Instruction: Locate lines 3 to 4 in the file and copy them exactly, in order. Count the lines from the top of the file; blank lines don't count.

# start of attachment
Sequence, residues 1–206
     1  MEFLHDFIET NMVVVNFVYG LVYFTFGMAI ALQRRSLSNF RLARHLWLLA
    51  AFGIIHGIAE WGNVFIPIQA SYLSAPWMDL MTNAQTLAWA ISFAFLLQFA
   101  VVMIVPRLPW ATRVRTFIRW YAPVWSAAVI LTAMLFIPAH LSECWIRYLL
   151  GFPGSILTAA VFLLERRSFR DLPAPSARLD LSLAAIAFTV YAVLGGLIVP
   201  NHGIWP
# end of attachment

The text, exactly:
    51  AFGIIHGIAE WGNVFIPIQA SYLSAPWMDL MTNAQTLAWA ISFAFLLQFA
   101  VVMIVPRLPW ATRVRTFIRW YAPVWSAAVI LTAMLFIPAH LSECWIRYLL